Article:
The well-manicured greens of Seven Canyons Golf Club in Arizona are usually a picturesque haven for golfers seeking a tranquil round. However, in recent weeks, an unexpected menace has disrupted the serenity of the golf course, leaving the greenkeepers grappling with a unique challenge.
Em Casey, the assistant superintendent at Seven Canyons Golf Club, is dealing with an unconventional adversary – javelinas, or collared peccaries. These pig-like creatures have been relentlessly scouring the golf course in search of food, leaving a trail of destruction in their wake.
Typically, it’s not uncommon for greenkeepers to wake up to occasional damage caused by human golfers. Still, this time, the offenders are the javelinas, and their activity is more than just a one-time occurrence – it’s become an ongoing ordeal.
Javelinas are native to the southwestern United States, as well as regions in Central and South America, and parts of the Caribbean. These herbivorous creatures, resembling wild boars, are notorious for digging up the earth as they roam, creating havoc wherever they go.
Seven Canyons Golf Club has had to contend with the persistent problem of javelinas wreaking havoc on their beautifully manicured course. Em Casey, in a 30-second video shared on her Twitter account (@emcaseyturf) on October 22, revealed the extensive damage inflicted by the javelinas on tee boxes, fairways, and rough. She lamented, “What should be one of the most beautiful golf courses in the country is being destroyed by herds of javelina. If anyone has a contact in AZ state govt that can help us find a solution please pass it along.”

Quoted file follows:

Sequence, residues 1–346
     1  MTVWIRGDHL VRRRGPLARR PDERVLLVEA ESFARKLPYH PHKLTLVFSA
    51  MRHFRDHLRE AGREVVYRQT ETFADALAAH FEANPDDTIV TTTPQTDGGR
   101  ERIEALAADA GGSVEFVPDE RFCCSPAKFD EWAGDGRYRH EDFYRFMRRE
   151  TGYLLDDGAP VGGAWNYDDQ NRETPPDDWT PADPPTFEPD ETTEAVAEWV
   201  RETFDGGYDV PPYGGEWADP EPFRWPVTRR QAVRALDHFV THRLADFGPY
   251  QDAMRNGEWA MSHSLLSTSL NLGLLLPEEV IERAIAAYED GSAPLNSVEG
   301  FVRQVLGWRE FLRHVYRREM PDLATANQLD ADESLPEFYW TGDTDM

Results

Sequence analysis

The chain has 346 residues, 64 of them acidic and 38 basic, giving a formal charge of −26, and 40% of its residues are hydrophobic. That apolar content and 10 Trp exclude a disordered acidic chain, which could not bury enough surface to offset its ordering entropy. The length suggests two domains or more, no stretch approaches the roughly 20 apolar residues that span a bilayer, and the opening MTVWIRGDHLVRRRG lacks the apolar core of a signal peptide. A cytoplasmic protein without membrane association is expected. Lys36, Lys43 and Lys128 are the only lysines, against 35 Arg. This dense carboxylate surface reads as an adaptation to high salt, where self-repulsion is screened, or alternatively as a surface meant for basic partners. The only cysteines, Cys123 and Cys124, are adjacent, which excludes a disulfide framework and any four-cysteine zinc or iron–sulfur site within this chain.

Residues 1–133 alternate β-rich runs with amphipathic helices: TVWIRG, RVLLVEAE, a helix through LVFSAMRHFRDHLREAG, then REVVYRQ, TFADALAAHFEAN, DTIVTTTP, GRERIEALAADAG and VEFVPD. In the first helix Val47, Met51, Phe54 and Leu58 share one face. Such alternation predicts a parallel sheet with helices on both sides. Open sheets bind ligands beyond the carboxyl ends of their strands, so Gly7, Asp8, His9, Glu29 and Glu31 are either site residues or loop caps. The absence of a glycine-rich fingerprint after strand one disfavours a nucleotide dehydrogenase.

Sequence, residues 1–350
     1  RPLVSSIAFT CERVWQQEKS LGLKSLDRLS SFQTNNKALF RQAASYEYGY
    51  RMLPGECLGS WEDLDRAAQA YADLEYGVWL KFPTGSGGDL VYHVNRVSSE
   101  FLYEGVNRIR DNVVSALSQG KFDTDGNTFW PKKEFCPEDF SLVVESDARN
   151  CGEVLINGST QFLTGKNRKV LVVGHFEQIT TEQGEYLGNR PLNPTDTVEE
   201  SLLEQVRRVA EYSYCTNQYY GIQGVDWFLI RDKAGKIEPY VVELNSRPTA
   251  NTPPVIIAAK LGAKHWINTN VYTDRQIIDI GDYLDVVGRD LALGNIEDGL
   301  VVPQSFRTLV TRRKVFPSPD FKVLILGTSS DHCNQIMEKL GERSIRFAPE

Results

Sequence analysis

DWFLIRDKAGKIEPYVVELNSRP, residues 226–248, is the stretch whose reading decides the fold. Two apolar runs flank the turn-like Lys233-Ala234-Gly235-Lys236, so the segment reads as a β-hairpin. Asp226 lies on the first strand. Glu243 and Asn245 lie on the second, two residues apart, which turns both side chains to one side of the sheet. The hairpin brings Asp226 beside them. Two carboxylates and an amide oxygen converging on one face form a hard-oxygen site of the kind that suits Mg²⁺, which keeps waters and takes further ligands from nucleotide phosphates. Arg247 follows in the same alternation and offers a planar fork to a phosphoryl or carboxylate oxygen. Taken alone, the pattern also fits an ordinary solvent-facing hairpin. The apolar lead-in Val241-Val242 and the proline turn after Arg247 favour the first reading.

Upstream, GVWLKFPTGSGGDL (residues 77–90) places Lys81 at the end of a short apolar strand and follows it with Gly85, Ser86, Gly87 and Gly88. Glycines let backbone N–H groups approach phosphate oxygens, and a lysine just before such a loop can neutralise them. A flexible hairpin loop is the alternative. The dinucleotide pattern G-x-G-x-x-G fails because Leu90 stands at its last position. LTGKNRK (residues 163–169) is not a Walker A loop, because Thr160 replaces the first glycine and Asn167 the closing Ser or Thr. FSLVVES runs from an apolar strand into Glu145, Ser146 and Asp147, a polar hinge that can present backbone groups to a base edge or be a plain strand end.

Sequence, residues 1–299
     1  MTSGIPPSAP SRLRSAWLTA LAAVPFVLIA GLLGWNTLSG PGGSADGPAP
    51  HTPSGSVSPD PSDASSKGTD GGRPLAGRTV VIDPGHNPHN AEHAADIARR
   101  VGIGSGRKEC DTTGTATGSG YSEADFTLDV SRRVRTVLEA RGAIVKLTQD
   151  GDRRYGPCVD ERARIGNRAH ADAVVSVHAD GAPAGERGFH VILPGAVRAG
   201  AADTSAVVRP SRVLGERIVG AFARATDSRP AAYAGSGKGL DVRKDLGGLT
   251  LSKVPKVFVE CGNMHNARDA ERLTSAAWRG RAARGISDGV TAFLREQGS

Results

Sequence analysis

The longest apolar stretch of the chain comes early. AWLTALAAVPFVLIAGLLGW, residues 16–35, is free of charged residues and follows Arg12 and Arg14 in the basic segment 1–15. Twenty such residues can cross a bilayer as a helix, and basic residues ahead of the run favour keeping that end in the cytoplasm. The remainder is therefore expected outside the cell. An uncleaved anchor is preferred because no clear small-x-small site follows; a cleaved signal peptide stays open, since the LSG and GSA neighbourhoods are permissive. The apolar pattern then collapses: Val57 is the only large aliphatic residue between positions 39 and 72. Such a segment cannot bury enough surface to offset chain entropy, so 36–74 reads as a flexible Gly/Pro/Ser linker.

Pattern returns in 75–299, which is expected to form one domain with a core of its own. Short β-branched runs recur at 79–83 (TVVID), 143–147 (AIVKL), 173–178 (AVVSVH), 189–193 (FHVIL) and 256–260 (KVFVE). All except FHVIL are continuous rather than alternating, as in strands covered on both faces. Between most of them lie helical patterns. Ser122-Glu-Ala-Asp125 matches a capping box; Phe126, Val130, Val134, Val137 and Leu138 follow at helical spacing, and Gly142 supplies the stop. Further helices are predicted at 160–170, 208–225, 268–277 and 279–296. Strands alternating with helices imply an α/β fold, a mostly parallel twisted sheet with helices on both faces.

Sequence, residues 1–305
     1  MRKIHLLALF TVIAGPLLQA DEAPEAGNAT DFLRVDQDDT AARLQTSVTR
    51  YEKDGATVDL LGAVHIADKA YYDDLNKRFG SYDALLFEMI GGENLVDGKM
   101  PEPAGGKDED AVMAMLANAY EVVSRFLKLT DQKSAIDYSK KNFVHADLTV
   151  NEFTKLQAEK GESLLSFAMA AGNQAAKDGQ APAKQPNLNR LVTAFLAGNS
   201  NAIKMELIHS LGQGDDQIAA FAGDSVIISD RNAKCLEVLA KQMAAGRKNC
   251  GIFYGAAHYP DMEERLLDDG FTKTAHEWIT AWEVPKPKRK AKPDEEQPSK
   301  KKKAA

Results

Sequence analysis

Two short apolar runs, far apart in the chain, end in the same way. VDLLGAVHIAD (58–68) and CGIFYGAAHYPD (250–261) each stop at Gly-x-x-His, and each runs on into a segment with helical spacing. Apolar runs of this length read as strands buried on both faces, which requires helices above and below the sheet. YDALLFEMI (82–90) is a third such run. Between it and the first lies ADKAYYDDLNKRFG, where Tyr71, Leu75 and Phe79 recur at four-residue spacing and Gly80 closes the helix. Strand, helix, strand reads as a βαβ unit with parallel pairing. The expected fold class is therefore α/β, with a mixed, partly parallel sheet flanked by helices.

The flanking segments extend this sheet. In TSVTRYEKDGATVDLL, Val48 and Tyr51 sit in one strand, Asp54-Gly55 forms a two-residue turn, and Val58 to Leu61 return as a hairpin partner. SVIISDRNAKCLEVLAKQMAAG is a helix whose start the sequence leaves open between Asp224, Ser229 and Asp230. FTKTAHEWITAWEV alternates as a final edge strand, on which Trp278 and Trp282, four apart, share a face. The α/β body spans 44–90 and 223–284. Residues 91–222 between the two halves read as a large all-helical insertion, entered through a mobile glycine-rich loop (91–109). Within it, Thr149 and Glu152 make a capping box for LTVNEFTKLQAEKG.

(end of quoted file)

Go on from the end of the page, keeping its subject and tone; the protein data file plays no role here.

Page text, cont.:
In previous posts, Casey had sought ideas on how to prevent the peccaries from returning and damaging the course further. She disclosed that the grounds team was spending 45-50 hours a week repairing the destruction. Suggestions to cull the pig-like creatures or set traps were dismissed as the animals are protected in Arizona. Hunting season for javelinas is only open between January and February when they are less problematic.
In a creative attempt to deter the javelinas, the green staff resorted to covering a section of the course with one-million-Scoville-unit chili oil, which is incredibly spicy. The hope was that the scent and sensation of the spicy oil would repel the creatures. Unfortunately, this tactic did not dissuade the javelinas, as they returned after the application, signifying an ongoing battle between the ground staff and the relentless peccaries.
The situation at Seven Canyons Golf Club serves as a reminder that even the most idyllic locations can face unique challenges, and greenkeepers are willing to go to great lengths to protect their beloved courses from unexpected disruptions.